My heart goes out to those children who have been labeled "ADHD" ("attention-deficit and hyperactivity disorder"), the latest "learning disability" label. Many educators and researchers believe that these children and their families have been cruelly deceived by the use of these labels. Dr. Thomas Armstrong, a former learning disabilities specialist, changed professions when he "began to see how this notion of learning disabilities was handicapping all of our children by placing the blame for a child's learning failure on mysterious neurological deficiencies in the brain instead of on much needed reforms in our system of education." Dr. Armstrong turned instead to the concept of learning differences, and wrote In Their Own Way, a fascinating and practical guide to seven "personal learning styles" first proposed by Harvard psychologist Howard Gardner. Dr. Armstrong urges us to abandon convenient but harmful labels such as "dyslexia" and focus on the real problem of "dysteachia". He warns that "our schools are selling millions of kids short by writing them off as underachievers, when in reality they are disabled only by poor teaching methods." 

As Armstrong explains, "Children get saddled with diagnostic terms such as dyslexia, dysgraphia, dyscalculia, and the like, making it sound as if they suffer from very rare and exotic diseases. Yet the word dyslexia is just Latin bafflegab for 'trouble with words'... hundreds of tests and programs purport to identify and remediate these "neurological dysfunctions. Yet medical doctors have yet to clearly establish any measurable brain damage in the vast majority of children with these so-called symptoms. It seems clear to me after fifteen years of research and practice in the field of education that our schools are largely to blame for the failure and boredom which millions of children face..."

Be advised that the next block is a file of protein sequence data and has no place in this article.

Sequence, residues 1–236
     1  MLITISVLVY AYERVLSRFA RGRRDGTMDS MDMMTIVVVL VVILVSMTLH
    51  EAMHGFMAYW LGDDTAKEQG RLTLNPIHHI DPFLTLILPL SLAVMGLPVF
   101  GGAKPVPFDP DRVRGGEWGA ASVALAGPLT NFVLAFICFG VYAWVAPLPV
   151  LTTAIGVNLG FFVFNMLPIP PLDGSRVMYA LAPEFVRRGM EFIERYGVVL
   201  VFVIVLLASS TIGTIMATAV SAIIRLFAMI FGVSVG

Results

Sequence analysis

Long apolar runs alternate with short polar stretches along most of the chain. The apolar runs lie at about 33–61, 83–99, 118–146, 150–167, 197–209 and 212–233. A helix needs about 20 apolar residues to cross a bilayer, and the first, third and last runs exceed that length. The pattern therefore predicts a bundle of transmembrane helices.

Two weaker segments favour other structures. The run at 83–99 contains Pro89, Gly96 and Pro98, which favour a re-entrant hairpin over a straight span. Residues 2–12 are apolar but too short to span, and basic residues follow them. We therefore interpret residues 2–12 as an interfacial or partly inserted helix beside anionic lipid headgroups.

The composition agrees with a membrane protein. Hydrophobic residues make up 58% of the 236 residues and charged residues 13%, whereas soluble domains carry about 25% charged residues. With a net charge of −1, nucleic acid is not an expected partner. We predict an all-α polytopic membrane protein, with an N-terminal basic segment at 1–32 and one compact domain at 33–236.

Are learning disorder labels the "emperor's new clothes" of the schools? Philosophers have an interesting tool called Occam's Razor, a handy device for cutting through preposterous theories: "the simplest theory that fits the facts of a problem is the one that should be selected." What are the facts? It is a fact that many school children, mostly boys, have learning difficulties. But it is also a fact that there is a group of hundreds of thousands of children in the world, both boys and girls, among whom this "genetic" defect is absent: homeschoolers. In this group, learning difficulties are virtually unknown, except for those children recently in school.